[4] http://elections.huffingtonpost.com/pollster/2016-general-election-trump-vs-clinton

[5] https://www.gjopen.com/comments/comments/229516

[6] http://www.politico.com/magazine/gallery/2013/11/how-bush-beat-dukakis-000005?slide=0

[7] http://www.270towin.com/2016-countdown-clock/

[8] http://www.huffingtonpost.com/2015/01/23/lets-not-get-ahead-of-ourselves-people_n_6534968.html


Will a new Supreme Court Justice be appointed before 20 January 2017? (update)

Haven’t thought much about this lately, so it looks like it’s time for an update.

Politico tells us that “Democrats are getting badly outspent by their conservative rivals in the war over Merrick Garland’s confirmation, suggesting that President Barack Obama’s closest allies in the Supreme Court battle have more bark than bite…The muscular spending from GOP-backed groups shows how dug-in conservatives are over their Garland blockade, and has helped keep almost all Senate Republicans moving in lockstep”[1]. Sounds bad for the Ds. But does money matter here? I can’t quite see how the mechanism is supposed to work (or, more exactly, work well).

More important, I think is the near inevitability of Mr. Drumpf’s nomination[2] and his less than stelar chances in the general election[3]. These facts might throw a spanner into the works. R Senators could be willing to make their peace with the Garland nomination in order to avoid getting a nominee to his left after HRC enters office. Yet the Senators probably needn’t be in a rush. If HRC wins, they could approve Mr. Garland after the election[4][5].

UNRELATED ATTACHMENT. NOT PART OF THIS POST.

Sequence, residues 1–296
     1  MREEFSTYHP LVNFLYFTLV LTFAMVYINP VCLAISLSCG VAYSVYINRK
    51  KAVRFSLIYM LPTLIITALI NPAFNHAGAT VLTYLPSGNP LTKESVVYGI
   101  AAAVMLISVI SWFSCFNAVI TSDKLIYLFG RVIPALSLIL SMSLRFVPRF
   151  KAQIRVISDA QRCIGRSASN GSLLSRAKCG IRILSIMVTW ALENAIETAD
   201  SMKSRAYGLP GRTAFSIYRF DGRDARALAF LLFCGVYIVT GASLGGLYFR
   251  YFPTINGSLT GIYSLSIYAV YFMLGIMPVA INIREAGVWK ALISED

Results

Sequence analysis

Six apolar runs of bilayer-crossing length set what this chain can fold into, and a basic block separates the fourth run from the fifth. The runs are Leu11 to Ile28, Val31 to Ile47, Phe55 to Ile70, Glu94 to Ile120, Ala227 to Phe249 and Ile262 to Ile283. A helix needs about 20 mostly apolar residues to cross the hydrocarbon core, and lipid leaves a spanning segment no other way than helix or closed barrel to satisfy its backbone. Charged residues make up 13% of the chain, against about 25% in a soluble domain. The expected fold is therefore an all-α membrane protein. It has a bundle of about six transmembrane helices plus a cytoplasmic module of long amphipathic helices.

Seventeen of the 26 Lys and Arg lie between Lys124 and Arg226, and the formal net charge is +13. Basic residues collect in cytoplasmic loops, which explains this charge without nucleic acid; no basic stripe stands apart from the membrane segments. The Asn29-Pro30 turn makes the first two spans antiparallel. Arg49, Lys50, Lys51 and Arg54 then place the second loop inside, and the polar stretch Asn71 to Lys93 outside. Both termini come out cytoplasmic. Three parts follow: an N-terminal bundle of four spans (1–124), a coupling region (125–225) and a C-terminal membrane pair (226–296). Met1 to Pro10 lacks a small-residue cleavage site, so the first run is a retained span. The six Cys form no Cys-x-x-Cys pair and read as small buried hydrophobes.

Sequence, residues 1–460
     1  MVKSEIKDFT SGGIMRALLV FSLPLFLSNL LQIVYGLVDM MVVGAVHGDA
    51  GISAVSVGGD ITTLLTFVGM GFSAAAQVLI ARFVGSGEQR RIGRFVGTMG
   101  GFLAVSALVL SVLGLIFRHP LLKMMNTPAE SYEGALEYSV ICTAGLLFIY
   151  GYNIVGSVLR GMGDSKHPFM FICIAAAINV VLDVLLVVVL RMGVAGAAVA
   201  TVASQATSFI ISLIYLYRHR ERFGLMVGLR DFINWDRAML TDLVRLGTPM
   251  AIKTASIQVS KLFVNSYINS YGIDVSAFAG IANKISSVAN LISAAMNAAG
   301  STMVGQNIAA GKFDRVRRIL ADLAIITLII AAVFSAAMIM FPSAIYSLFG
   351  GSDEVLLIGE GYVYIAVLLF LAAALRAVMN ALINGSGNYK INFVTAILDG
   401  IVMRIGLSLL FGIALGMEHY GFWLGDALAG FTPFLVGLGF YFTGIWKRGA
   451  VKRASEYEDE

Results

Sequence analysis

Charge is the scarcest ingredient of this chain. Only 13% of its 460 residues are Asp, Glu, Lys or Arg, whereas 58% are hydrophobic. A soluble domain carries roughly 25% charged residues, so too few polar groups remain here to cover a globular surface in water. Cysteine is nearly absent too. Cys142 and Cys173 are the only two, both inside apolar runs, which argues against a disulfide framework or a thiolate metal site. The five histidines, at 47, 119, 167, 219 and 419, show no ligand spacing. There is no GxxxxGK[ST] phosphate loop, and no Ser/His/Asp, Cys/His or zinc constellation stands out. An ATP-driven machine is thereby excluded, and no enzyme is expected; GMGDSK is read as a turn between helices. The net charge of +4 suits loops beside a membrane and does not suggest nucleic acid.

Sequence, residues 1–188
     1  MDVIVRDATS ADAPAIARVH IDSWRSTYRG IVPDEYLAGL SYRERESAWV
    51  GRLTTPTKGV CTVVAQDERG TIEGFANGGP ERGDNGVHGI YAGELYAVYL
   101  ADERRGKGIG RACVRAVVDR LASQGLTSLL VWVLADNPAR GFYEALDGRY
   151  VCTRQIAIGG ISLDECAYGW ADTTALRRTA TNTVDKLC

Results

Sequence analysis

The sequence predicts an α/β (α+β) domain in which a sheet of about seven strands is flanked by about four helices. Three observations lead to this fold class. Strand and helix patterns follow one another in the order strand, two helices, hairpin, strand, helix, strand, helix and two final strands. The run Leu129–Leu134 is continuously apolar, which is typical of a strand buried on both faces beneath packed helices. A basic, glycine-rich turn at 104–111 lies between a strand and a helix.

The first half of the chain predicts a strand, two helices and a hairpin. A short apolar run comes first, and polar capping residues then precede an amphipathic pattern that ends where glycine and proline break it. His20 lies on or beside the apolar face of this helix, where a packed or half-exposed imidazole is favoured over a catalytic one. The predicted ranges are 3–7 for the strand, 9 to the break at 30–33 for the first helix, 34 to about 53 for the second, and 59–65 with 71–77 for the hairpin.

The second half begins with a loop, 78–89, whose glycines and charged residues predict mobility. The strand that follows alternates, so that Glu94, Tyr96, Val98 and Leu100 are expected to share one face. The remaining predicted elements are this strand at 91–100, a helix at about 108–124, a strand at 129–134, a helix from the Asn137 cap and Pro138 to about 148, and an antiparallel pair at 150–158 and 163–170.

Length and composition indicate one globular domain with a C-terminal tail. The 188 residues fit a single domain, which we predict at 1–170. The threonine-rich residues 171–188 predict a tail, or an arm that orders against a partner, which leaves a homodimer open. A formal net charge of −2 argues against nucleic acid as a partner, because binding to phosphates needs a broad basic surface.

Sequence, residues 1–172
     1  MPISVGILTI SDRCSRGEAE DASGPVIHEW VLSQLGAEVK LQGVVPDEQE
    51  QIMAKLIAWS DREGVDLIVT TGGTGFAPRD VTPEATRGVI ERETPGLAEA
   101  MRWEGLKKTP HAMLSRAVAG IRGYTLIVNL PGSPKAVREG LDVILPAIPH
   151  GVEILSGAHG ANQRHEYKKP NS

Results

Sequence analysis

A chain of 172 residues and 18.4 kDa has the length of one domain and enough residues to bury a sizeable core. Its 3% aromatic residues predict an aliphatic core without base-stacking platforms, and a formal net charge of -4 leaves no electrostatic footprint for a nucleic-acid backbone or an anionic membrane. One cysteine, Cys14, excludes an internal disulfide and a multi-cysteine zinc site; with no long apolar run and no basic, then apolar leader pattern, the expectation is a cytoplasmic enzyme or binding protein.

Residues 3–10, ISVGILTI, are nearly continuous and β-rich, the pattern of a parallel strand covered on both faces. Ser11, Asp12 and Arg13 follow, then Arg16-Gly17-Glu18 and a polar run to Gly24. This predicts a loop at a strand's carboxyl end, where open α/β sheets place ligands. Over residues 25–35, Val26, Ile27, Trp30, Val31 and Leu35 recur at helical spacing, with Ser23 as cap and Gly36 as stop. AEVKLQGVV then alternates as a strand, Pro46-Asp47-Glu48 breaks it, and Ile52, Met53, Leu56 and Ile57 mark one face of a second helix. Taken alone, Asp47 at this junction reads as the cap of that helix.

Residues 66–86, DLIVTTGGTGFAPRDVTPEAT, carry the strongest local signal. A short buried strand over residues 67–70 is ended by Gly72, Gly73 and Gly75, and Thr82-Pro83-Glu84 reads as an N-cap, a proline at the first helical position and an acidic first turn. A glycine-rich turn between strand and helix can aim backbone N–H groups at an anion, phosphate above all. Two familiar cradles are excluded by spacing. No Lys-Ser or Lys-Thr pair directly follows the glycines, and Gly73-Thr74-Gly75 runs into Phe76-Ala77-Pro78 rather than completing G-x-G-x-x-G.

Now here’s an interesting wrinkle: Some folks on the right even fear what will happen if Mr. Drumpf is elected: “If Drumpf has a choice between an originalist conservative with sterling credentials who would often block Drumpf, and buddy of his who hasn’t read the Constitution but would let Drumpf do what he wants, who do you think Drumpf would pick?”[6]. Mr Drumpf has repeatedly promised to provide a list of possible nominees, but he hasn’t delivered yet[7]. Maybe it’s just as well; his mercurial nature would render such a list out-of-date before we ever saw it.

So if HRC wins, then approve Mr. Garland after the election, and if Mr. Drumpf wins, then approve Mr. Garland after the election. Therefore, approve Mr. Garland after the election? Well, maybe. Here are some things that might, just might, stand in the way:

  • (a) HRC wins, but President Obama withdraws Mr. Garland’s name in deference to the incoming president.
  • (b) HRC wins, but Senate Rs can’t get their act together to approve Mr. Garland during the lame duck session.
  • (c) HRC wins, and Senate Ds think they can do better than Mr. Garland.
  • (d) Mr. Drumpf wins, and Senate Rs think they can do better than Mr. Garland.
  • (e) That thing I said before about another Supreme Court Justice dying might happen
  • (f) Something I haven’t thought of yet.

While (a) could happen[8], I don’t know of any evidence that President Obama is actually considering this possibility. HRC has said, if she wins the election, she won’t ask Mr. Obama do withdraw Mr. Garland’s nomination[9]. While she could easily reverse course on this point, I’m not sure she’d have that much to gain by doing so. On the contrary, if the Senate confirms Mr. Garland after the presidential election, she’ll have one less fight with the Senate on her hands. Low probability – call it 10%.